BS: Sure. I went to Columbia College in Chicago. While I was there, I told myself that I wanted to leave there with something and I realized that what I really wanted to do was put together documentaries. When I was younger, I had a lot of interest in doing the news and that was just too slow. I wanted to tell some bigger stories and actually get involved in the process. When I was in college, I worked on a documentary called Poverty In Chicago, which chronicled the homelessness and drug addiction in downtown Chicago. I worked on that throughout my years in college and before I graduated, it was airing nationally on PBS and The Documentary Channel. Then I followed that up in grad school with project called Greensburg, which chronicled a town in Kansas that was wiped off the map by the largest recorded tornado in history. We talked with those people and followed a lot of their stories. That project was nominated for an Emmy. After that, we started this project, and this definitely took it to the next level. This project took me two and a half years, and anybody who knows documentaries and independent productions knows that it's a tough job. We definitely had to put everything we had into it because we were doing it during a recession, which meant we had to try to get funding in very tight times. But we knew we had a great story to tell and that people needed to see it.

MR: And people did see it. The Wayman Tisdale Story has received numerous acknowledgments such as Best Documentary from the Park City Film Festival and The International Christian Film Festival, plus Best Sports Documentary from the Los Angeles Sports and Film Festival and The People's Choice Award Runner-Up at the Pan African Film Festival and the 2010 Basketball Hall of Fame Enshrinement Award.

BS: People do seem to really like it. It's a sports movie as well as a Christian film. It's about overcoming cancer or just struggling through life, and it's a sports film. You can catch it on TV or you can catch it as a rerun on NBA TV or ESPN. Or you can just go online and order the CD and DVD set on Amazon, iTunes, and Netflix.

MR: Brian, who are your influences as a director?

BS: Mine? That's a good question. (laughs) Well, my uncle is Bill Curtis, a legendary broadcaster out of Chicago that went on to do A&E Television shows like Cold Case Files and American Justice. He really put documentaries on the map in mainstream television back in the early '90s and today. He's a fantastic journalist, known partially for that great deep voice, but he's also a fantastic producer. Watching him really helped me mold my craft, borrowing a few things from him and a few things from other places and really making your own craft. Everyone takes a little bit from someone else. That's what I tried to do and then made all of those pieces my own. Watching the documentary, you'll notice that this was something that we put a lot of time and vision into. I think this is a great example of the work I do because it's about storytelling and about finding those engaging characters that help portray whatever story it is that you're trying to tell.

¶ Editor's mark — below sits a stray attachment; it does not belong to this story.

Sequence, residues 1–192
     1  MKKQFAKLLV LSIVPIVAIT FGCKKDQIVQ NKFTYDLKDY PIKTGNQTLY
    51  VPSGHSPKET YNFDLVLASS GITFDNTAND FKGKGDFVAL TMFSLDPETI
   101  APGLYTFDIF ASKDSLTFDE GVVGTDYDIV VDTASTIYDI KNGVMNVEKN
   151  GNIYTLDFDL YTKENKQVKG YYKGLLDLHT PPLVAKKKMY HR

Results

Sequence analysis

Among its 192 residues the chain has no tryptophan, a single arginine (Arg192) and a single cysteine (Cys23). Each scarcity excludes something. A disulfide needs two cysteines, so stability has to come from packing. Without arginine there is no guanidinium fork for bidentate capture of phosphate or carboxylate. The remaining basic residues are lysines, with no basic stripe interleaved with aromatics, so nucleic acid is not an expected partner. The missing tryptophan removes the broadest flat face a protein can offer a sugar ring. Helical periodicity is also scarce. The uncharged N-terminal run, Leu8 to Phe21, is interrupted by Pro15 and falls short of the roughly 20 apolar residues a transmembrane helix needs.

MR: Do you have any advice that you'd like to pass along to new artists?

BS: Well, through this project, I basically got a crash course in the music business everyone knows that it's a really tough business. Between digital downloads , piracy, and people not buying music as much, it's really important to figure out what your niche is. For example, for this project, I thought that if we could team the movie with a record, we would have more success because people don't want to buy just a record now, they want something extra. It's also important to put events together, not just shows, but outreach opportunities with your tour. This album went to #1 on the Billboard jazz charts, and I think that's because we teamed this with some outreach and the TV broadcast. So, I think it's possible to succeed now, but you have to put that extra effort in. It's also important to find lots of different revenue streams because record sales are way down, so you have to go the extra mile to figure out how you're going to make money. If you want to do this for a living, you've got to figure out ways to get paid and keep the lights on. It's definitely possible, people do it every day. If you're a musician, you just have to keep striving for your craft and your passion.